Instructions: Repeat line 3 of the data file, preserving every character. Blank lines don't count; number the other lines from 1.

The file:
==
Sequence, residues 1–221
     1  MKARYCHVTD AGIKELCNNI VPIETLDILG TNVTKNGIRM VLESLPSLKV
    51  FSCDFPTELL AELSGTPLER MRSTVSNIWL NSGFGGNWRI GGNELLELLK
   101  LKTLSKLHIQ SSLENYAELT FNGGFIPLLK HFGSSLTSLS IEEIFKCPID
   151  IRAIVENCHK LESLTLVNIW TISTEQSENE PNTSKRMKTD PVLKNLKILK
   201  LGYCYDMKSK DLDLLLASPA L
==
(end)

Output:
    51  FSCDFPTELL AELSGTPLER MRSTVSNIWL NSGFGGNWRI GGNELLELLK